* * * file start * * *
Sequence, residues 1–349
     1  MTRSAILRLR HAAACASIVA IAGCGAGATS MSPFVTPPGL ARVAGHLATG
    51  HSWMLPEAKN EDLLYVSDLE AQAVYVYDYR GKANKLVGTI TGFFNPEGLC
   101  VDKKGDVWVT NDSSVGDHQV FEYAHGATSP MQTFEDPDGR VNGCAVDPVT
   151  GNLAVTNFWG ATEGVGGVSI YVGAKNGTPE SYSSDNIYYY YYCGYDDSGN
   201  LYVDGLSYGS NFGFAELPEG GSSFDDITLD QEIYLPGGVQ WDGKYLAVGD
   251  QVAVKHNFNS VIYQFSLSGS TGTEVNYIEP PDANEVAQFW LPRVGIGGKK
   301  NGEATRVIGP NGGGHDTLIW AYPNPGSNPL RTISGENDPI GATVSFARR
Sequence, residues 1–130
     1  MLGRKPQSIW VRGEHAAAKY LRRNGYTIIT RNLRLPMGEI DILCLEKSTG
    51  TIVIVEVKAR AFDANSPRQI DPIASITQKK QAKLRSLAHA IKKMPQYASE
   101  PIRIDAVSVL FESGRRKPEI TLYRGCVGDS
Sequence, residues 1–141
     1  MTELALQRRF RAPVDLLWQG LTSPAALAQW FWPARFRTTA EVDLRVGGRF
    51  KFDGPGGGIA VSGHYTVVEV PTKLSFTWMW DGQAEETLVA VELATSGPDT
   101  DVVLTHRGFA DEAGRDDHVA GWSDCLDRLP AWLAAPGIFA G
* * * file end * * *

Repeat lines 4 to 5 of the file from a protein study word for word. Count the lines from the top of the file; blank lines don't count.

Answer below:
   101  VDKKGDVWVT NDSSVGDHQV FEYAHGATSP MQTFEDPDGR VNGCAVDPVT
   151  GNLAVTNFWG ATEGVGGVSI YVGAKNGTPE SYSSDNIYYY YYCGYDDSGN